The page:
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The Good Thief (2003)
This is basically a remake of the great french movie Bob le Flambeur (1955) and Nick Nolte plays Bob Montagné who was the lead in the original film of 50 years ago.

Major changes include Nolte depicted as a junkie as well as a gambler, a little hard to do both those things successfully. That change does however allow him to put in a great performance because it is basically himself he is playing. The second change is a move from a Paris base where the target is a casino in Deauville and on to Nice where drugs are plenty and Monte Carlo is close by.

This is actually an underrated caper which provides an abundance of cinematic riches, not the least being Jordan's (director) peerless knack for dialogue and a tailor-made role for Nick Nolte.

The elegant plot is yours to discover. One reviewer aptly desribed it as "the underbelly of Ocean's Eleven," involving an impenetrable vault full of priceless art, a rescued Russian prostitute, an eccentric band of accomplices, and high-stakes poker in Monte Carlo. Though there is no poker.
Nolte's right at home in this rich-and-risky milieu, and the combined talents of Jordan and ace cinematographer Chris Menges make The Good Thief a pleasure from start to finish.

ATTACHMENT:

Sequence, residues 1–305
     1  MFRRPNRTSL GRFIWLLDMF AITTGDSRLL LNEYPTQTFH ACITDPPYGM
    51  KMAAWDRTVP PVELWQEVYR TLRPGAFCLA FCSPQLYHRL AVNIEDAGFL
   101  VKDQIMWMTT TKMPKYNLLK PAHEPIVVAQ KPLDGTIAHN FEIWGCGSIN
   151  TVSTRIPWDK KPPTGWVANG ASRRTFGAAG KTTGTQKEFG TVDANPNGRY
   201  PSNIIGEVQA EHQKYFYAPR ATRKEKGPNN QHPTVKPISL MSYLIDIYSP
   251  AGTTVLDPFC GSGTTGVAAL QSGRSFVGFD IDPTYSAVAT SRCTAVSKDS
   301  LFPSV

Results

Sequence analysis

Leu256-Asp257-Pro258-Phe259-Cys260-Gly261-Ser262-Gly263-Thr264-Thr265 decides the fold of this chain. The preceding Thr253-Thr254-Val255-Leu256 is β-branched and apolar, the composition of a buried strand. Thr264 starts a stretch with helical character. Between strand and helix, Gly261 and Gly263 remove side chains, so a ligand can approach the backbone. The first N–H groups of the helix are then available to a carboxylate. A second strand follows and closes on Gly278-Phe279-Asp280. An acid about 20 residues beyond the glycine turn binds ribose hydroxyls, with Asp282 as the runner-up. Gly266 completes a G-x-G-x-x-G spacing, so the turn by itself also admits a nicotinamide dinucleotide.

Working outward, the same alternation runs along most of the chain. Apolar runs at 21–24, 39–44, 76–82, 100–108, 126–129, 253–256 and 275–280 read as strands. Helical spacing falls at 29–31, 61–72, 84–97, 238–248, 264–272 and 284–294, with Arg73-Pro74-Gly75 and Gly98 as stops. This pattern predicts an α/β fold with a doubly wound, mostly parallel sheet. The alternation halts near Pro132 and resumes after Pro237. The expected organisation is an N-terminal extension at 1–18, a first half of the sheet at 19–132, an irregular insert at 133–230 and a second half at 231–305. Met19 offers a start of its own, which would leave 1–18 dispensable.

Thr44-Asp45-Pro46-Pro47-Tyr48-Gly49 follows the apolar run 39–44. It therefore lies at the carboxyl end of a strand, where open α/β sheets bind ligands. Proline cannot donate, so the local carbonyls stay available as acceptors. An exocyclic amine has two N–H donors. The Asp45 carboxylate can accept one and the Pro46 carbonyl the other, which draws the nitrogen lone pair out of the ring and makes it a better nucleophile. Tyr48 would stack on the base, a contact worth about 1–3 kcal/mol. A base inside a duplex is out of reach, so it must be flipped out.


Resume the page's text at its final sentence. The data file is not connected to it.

Some people may be benefitted not to expect the film to unravel in the classic style of scene leading meaningfully into scene. This is the style of each piece to camera invariably containing far more information than can be seen and you have to think fast to build credibility into why things are happening. Recommended is swithching the DVD off and getting a drink, then switching back on when your brain has had a chance to catch up.
A very good try I think but could have done with actually going to Monte Carlo and not some Cote d'Azur town pretending to be it. Also slowling down from time to time would have helped.

Lots of good performances. Noir and everything - 7/10
Marks : 7/10
Director Neil Jordan Nick Nolte Bob Montagné
Writing Auguste Le Breton,
Jean-Pierre Melville
Nutsa Kukhianidze Anne
Cinematography Chris Menges Ouassini Embarek Said
    Marc Lavoine Remi
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